“Thank you,” he says softly. They remain like that a long, quiet moment before Héctor pulls free, replacing his hat as he heads toward Imelda’s closed door.
“By the way, if you think I’m so smart you should stop questioning my measuring skills.”
He’s in the office before they can reply; Felipe and Óscar look at each other thoughtfully, each gauging the other’s height.
“Absolutely not,” Óscar says at last. “We are not going down that path again. We know better.”
“Yes,” Felipe agrees, chuckling fondly as they head back to the workshop. “He never does give up though, does he?”
“Oh, you know - I think that’s probably a good thing. Come on, let’s get that order finished before Imelda asks again.”
“Do you think,” Héctor asks Imelda just before leaving, “that they’ll ever realize it’s Óscar who’s a hair taller, and I’ve been messing with them since we were fourteen years old?”
Imelda snorts, snatching his hat to swat him with it.
“You are a child , Héctor.”
“Maybe - but you think it’s funny too.” He grins at her as he takes his hat back; Imelda sighs and grumbles and doesn’t disagree, and Héctor’s grin widens as her quiet huff of laughter follows him out.
Héctor is honestly sort of proud this joke has survived over a century. He was sure they'd have figured it out by now.
Óscar and Felipe attempting to name their alebrijes after each other is a reference to Never Satisfied, in which a set of twins actually did that with their familiars. Please give it a read!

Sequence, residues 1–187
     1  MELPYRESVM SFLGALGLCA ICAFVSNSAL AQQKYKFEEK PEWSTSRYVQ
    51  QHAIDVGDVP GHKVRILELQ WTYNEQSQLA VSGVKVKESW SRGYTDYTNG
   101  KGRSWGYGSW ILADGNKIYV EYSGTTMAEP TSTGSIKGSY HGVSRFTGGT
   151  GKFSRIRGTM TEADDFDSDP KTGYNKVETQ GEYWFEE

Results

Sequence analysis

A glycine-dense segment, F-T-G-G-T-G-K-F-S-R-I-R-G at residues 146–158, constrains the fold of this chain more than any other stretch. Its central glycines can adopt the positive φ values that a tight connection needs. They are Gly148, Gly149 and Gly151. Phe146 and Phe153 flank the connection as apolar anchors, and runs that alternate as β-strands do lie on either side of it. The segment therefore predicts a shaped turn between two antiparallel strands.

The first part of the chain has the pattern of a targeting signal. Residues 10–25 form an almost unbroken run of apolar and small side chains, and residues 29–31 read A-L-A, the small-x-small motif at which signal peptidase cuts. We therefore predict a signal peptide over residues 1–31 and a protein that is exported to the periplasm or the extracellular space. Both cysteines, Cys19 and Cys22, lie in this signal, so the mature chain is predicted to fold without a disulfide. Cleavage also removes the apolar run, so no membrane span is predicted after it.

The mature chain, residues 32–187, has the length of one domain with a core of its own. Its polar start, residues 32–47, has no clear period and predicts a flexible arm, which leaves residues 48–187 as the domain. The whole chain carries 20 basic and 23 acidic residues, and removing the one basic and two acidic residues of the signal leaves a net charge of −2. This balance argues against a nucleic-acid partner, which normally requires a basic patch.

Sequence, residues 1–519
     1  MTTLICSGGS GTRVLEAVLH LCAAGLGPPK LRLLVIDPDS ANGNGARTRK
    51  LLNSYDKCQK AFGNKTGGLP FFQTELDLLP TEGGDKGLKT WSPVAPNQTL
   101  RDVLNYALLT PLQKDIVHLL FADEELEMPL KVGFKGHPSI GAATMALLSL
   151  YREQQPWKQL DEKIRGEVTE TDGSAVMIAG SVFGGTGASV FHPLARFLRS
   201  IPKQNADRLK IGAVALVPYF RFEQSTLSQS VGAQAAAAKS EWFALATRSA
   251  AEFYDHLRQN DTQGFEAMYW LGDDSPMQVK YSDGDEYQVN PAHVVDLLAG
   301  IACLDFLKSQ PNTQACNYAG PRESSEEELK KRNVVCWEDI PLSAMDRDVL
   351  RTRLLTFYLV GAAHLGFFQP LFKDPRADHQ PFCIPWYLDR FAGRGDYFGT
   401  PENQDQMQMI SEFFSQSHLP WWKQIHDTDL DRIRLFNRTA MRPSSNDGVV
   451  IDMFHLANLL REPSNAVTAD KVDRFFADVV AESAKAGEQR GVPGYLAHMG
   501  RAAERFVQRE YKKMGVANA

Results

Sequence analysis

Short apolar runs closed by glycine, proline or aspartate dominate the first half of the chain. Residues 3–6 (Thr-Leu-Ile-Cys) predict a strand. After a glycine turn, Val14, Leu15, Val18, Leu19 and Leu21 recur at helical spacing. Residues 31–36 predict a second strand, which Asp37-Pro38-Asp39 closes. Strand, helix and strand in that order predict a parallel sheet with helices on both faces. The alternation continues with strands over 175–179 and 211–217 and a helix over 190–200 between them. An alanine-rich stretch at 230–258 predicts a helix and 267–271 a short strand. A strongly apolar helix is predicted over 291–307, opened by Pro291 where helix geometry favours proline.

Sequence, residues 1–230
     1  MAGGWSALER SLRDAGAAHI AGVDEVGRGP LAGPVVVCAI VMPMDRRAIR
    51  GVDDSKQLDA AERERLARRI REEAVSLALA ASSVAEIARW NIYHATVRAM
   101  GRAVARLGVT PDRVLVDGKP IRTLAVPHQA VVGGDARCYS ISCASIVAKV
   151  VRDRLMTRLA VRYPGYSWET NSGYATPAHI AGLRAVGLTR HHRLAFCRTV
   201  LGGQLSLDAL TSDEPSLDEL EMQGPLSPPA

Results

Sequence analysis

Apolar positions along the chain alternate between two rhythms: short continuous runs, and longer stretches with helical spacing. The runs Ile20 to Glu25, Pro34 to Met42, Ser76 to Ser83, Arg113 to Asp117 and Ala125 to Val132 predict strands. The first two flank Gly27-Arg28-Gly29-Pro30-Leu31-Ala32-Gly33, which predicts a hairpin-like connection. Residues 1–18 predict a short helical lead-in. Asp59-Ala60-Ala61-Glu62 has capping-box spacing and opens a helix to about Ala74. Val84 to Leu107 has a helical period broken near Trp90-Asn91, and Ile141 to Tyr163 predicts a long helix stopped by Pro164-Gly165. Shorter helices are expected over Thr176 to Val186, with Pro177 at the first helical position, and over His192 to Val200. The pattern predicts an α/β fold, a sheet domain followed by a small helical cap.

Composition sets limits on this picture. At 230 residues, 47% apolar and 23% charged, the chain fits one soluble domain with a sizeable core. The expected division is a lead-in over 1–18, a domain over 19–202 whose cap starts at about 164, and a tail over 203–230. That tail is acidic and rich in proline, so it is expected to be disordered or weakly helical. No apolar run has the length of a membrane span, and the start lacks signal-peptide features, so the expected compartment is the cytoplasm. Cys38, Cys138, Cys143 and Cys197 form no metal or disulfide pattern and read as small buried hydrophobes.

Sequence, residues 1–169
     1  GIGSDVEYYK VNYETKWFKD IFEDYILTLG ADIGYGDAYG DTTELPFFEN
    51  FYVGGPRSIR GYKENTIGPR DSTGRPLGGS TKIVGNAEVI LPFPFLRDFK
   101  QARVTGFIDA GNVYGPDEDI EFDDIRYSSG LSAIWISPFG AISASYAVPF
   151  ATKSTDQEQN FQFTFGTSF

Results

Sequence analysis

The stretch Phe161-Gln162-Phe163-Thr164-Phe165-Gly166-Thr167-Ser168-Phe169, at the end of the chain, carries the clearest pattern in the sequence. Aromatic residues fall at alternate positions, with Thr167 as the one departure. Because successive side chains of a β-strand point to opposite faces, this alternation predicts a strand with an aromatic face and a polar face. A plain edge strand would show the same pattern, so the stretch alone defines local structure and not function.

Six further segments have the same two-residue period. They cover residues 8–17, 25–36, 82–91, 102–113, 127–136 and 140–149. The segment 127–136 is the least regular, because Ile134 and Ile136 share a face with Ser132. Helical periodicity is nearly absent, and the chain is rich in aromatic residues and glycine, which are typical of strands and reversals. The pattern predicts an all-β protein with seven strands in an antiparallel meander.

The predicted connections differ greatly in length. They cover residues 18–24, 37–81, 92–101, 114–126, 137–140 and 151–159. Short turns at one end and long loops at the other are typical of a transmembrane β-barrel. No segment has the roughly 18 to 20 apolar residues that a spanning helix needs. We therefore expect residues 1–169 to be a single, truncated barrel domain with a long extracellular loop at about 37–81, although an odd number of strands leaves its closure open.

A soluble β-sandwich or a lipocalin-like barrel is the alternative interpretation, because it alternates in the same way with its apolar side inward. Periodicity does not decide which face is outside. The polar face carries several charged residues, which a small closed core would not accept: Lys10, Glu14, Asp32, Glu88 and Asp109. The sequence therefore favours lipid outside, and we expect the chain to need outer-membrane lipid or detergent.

Chapter 2: Mending
Sometimes you need a little help and encouragement to start piecing things back together.
(See the end of the chapter for notes.)
Héctor looks both more and less ragged than usual, and at first Rosita can’t quite put her finger on why that is.
He’s coming from Imelda’s office; the twins had directed him there when he came in a few hours ago, and Rosita has been hearing singing for a good portion of the day. Mainly Héctor himself, but she could swear she’s been hearing Imelda too, and it’s a fresh shock every time. Rosita is too curious (nosey, her brother and half the rest of the family would say) to let this lie, and so when Héctor emerges she’s standing only a few feet away.
(She’s glad it’s him and only him; asking Héctor about it is worlds less daunting than asking Imelda.)
“Oh, hello, Héctor,” she says, as if she just happened to be standing there rather than lying in wait; Héctor, preoccupied, jumps at the greeting, blinking wide eyes at her before smiling.